Some unbranded guitar pictures from a 1973 Ibanez catalog:
OK, So My Guitar Is Not an Ibanez, But It's Still a "Lawsuit" Model, Right?
The answer to this depends on what your definition of "lawsuit" (as it relates to MIJ guitars) is. Loosely defined (and coming into more popular use on sites such as eBay and Craigslist) a "lawsuit" guitar is ANY old guitar made outside of the USA that is a copy of a popular US-made guitar. In this sense, any MIJ (or made in Korea, China, wherever) guitar that looks like a Fender strat or tele; or a Gibson Les Paul, SG, ES-335; or a Martin acoustic; or a Guild or Rickenbakker; can be labeled as a "lawsuit" model. The use of "lawsuit" in an ad is usually backed up with an explanation that "[INSERT MIJ BRAND HERE] was sued by [INSERT US BRAND HERE] to stop production because the MIJ copies were better than the US versions". But the fact of the matter is that there was just ONE lawsuit ever brought by an American guitar builder against a foreign distributor or builder during the 1970s.
Elger v. Hoshino
Hoshino Gakki (and more accurately, its U.S. subsidiary at the time, "Elger") was the only company actually sued by an American guitar maker over its designs. The suit was brought in 1977 by Norlin (the then maker of Gibson guitars) and the suit focused narrowly on Hoshino's use of Gibson-style, "open book" headstocks. Fujigen Gakki, as manufacturer, was also named in the suit. The problem was, by the time Norlin sued, Ibanez had changed their headstock shapes from "open book" to a (ironically) more Guild-styled top:
Differences in Headstock Style:
With nothing left to sue over, Norlin and Hoshino settled the suit, and it never came to court.
The Strict Definition of "Lawsuit" Guitar
Thus, the only true "lawsuit" guitars out there for sale are Ibanez-branded electric guitars that are copies of Gibson models and made with "open book" headstocks. That covers a range of approximately 1970 through 1976, when the headstock switch came about. The terms "pre-lawsuit" and "post-lawsuit" are just more confusion, since people will apply "post-lawsuit" to an even wider range of guitars that have been significantly changed from their "copy" forms. Just to be double clear: No lawsuit was ever brought against Aria, Greco, Ventura, Lyle, Fernandes, Tokai, or anyone else during the 1970s (or even 1980s). Just Hoshino (Ibanez) was sued.
Here's a copy of a letter sent to Gibson Dealers on June 9, 1977, announcing the lawsuit:
It begins like this:
June 9, 1977 Dear Gibson Dealer: Today, Gibson, Inc., started legal action in Federal Court to stop the Japanese exporter of Ibanez instru- ments and its distributor from importing and selling instruments similar in appearance to those manufactured by Gibson. We want you, who have a major stake in the outcome, to know why we are taking this action.
Just Because You're Already Here: Dating FujiGen Guitars
I want to say a quick few words about dating vintage Fujigen guitars. Note that everything I'm saying applies to Ibanez-branded guitars made between 1971 and about 1986. After that, Fujigen and Hoshino changed their serial numbering system. You can still date later builds, but it gets complicated.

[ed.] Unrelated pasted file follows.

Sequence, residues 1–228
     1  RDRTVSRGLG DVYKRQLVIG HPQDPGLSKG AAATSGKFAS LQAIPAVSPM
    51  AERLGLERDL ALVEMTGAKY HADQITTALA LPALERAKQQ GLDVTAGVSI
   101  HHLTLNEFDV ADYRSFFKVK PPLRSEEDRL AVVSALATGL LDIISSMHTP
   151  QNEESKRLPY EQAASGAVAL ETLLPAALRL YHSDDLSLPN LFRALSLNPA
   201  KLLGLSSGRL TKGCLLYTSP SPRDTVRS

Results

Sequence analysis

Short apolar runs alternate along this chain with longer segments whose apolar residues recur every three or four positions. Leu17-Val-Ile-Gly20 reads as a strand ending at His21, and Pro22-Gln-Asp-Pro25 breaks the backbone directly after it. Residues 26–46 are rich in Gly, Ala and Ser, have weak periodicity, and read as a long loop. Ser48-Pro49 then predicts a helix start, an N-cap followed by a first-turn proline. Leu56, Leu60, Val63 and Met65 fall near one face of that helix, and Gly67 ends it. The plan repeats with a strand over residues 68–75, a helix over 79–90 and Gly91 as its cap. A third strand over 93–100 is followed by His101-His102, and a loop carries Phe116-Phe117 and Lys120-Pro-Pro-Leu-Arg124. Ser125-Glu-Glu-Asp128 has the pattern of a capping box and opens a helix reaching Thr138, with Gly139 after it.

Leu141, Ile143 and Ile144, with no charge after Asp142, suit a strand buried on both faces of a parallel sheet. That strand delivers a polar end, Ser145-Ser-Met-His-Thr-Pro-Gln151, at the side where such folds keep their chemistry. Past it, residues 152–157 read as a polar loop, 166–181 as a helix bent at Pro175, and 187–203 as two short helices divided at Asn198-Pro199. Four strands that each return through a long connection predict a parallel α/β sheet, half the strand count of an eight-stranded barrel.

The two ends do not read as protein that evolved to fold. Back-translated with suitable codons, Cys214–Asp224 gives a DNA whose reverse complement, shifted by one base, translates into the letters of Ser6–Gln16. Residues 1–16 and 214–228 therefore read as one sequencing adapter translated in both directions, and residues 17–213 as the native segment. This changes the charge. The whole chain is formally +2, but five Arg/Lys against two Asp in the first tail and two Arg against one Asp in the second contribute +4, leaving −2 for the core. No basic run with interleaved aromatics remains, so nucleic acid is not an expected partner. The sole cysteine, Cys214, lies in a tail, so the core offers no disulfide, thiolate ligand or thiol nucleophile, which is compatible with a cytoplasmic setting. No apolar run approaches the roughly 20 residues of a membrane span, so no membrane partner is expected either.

Pre-Serial Number Guitars
Made at Fujigen from about 1971 through mid-1975, Ibanez-brand electrics have no serial number on them at all. There are some subtle ways to date guitars from this era, but nothing set in stone. For example, sometimes original pickups have serial numbers that can date their manufacture, and potentiometers sometimes have date codes. Also, up until 1973, the end of fretboards on Gibson-style, bolt-neck Ibanez guitars had rounded corners. After then the corners were more square:
Rounded vs. Square-end Fretboards:
Serial Number Guitars
Thankfully, beginning in August of 1975, Hoshino (via Fujigen) began marking their electric guitars with serial numbers. (The earliest electric guitar serial numbers we've seen at Ibanez Collectors World start with H75...,) For bolt-neck guitars, the serial number is found stamped on the neck plate, above "MADE IN JAPAN". For set-neck guitars, the serial is usually on the back of the headstock, but for some Jazz models, the serial might be on the label inside the guitar. These serial numbers are very easy to read. The first letter corresponds to the month the guitar was made (A = January, B = February, etc.) and the next two numbers correspond to the year (76 = 1976, 81 = 1981, etc.). After 1986, this method doesn't work. The final four numbers in the serial correspond to the production number of that guitar, for that month. Note that this is an overall production number, not model-specific. Therefore, the serial number D786589 would stand for the 6,589th electric guitar produced at Fujigen in April of 1978. (Please note that Fujigen also used this serial numbering system on other-branded guitars it produced, such as Greco and Antoria, and I am uncertain as to whether serials could be shared among brands, or if each production number is unique across brands.)
A Great Online Resource for Additional Questions About Ibanez Guitars
For everything you ever wanted to know about Vintage Ibanez guitars, please visit the discussion forums at Ibanez Collectors World. I post there all the time under the name ChuckE99.
Copyright © 2010 Charles F. Evans, All Rights Reserved.